Step by Step Winemaking - White
When making white wine, only the fresh pressed juice is fermented. This article shows how to make 5 gallons of sweet or dry red wine....
To make 5+ gallons of dry white wine:
Click here for sweet white wines...
- Step 1 - Pick, crush and press about 2 bushels (80lb) of grapes such as Seyval, Cayuga or Niagara. We have a grape crusher-stemmer available at the vineyard but not a press. We do have mesh bags that the crushed grapes can be put in and squeezed - but a press is much better.
- Step 2 - Put the juice in 5 gallon containers. At this point a carboy is preferred by anything will work - just make sure the top it loosely covered to keep out fruit flies.
- Step 3 - Check and adjust the sugar level. This is done with a hydrometer and a sugar conversion chart. The sugar in the grapes will ferment into alcohol and the conversion chart will show you how much sugar (if any) to add. Fill your hydrometer with juice and read the "specific gravity" where top level of the juice is floating the hydrometer. For an example if the specific gravity was 1.074 (or 18 degrees balling) the must will ferment out to 9.9% alcohol. Read across on the chart and if you want a 11% wine you will add 2.5 oz/gallon sugar (or honey). This is a typical sugar level - our 80lb batch of wine will need (5 gallons x 2.5 oz/gallon) about 12-13 oz of sugar. Mix the sugar in reall good and re-check the gravity.
(If you do not have a hydrometer, just add about 1lb of sugar and you will be pretty close.)
- Step 4 - Add camben tablets (sulfite). Camben tablets will help keep your wine from browning and turning into vinegar. Crush 5 to 10 tablets and mix them into the must. Some people prefer not to use sulfites and this step is optional.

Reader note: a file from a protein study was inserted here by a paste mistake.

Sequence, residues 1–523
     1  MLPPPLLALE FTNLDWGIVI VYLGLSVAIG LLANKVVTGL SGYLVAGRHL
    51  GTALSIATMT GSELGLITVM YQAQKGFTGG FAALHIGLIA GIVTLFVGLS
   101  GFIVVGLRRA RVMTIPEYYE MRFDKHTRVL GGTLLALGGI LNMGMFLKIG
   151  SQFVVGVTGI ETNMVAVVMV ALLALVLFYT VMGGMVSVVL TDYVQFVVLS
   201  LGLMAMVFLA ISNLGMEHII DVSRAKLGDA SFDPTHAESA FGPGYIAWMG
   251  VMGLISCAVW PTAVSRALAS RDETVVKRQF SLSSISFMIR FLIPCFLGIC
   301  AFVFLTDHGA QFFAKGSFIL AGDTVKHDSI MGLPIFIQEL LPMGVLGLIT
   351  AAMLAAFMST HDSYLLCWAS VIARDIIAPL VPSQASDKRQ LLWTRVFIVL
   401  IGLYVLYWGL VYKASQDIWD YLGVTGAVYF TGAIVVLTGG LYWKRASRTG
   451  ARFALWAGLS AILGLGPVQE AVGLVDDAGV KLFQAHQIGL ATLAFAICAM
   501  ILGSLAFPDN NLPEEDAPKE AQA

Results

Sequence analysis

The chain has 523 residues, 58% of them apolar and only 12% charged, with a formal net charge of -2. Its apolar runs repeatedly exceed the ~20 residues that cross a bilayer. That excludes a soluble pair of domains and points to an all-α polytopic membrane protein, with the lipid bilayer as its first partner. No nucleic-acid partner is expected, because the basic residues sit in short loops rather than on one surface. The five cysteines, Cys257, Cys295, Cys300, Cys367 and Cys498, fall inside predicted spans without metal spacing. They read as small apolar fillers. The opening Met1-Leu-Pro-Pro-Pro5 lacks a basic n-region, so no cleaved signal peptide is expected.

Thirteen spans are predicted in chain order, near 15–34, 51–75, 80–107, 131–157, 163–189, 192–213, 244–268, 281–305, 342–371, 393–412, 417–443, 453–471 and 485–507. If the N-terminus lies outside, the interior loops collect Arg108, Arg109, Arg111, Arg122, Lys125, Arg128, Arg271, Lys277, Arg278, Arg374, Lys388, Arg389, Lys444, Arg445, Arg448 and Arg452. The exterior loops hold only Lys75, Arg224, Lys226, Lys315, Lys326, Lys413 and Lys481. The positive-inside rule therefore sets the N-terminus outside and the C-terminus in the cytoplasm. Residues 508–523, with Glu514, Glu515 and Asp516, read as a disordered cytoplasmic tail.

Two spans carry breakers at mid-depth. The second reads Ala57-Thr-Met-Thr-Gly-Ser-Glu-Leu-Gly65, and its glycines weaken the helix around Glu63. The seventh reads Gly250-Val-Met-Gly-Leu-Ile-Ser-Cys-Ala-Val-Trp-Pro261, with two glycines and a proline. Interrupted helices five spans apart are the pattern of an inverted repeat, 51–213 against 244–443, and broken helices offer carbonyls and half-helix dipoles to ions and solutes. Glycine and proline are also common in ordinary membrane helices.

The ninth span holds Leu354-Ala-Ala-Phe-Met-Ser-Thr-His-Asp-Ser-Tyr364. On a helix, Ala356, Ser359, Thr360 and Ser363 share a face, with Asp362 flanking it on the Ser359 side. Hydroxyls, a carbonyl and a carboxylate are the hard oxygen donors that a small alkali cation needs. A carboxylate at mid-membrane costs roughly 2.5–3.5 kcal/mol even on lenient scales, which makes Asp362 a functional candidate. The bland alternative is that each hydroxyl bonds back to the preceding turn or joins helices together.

I have never made a batch of wine without protecting it with sulfites.
- Step 5 - Wait about 24 hours and add a packet of wine yeast. I like to use a cultured wine yeast such as Montreal whatever (a general purpose yeast) or Cote's de blanc - but you can experiment. Just sprinkle the package over the must and stir it in just a little bit. The reason for waiting the 24hrs is to let the sulfites reduce some of the wild yeasts and let the cultured yeast take over. I you do not use sulfites you can add the yeast on day 1.
- Some winemakers do not like to add anything - sugar - sulfites- or yeast - The wine will still ferment ok, but you take a chance of low alcohol, browning, oxidation and vinegar creation.
- Step 6 - The wine should start ferment in a day or two. Do not fill the 5 gallon carboy to the top or it will foam over after the fermentation starts. Lower the level about 1/4 but transfering some of the must into a smaller (such as 1 gallon jug) container. After a few weeks the fermetation will slow down and you can add the extra wine back in totop up the carboy.
- Step 7 - 2 to 3 months later you can rack the wine. Take a siphon hose and siphon the clear wine from the original carboy to a new one, leaving the "lees" the dead yeast and debris on the bottom in the old carboy.
- Step 8 - About 3 months later the wine will be ready to bottle.
To make 5 gallons of sweet white wine:
We will use the same instructions we used for the dry white wine above with some slight variations. I like to have a soft-slightly sweet finish in most of my white wines.
Things to keep in Mind...
- You can mix and match any of the grape varieties to make some very unique wines.
- Sometimes the fruitier grapes are better picked slightly underripe (such as Cayuga, Canadice, Niagara, etc.) - the flavor will not be as strong.
- If you want a sweeter - high alcohol wine, the easiest way to do it is to start off with more sugar and keep adding it in small amounts throughout the fermentation. Eventually the alcohol will kill the yeast and leave some residual sugar. If you add too much at once the wine may be too sweet. At any time during the fermentation, taste the wine - if it is dry add sugar until it is sweet again. Repeat this until it does not ferment anymore.
- Another way to make a sweet wine is to ferment the wine dry, sometimes using a yeast such as Cote des Blancs that does not like high alcohol. After the wine is stable, I sweeten it to taste, add 1 to 1.25 grams/gallon Potassium Sorbate, 2 cambden tablets per gallon and rack it. If it does not re-ferment I bottle it after a few months.
- A third way to make a sweet wine is to sweeten the wine and then filter out the yeast cells with a wine filter and it will not re-ferment. A wine filter can be a usefull tool.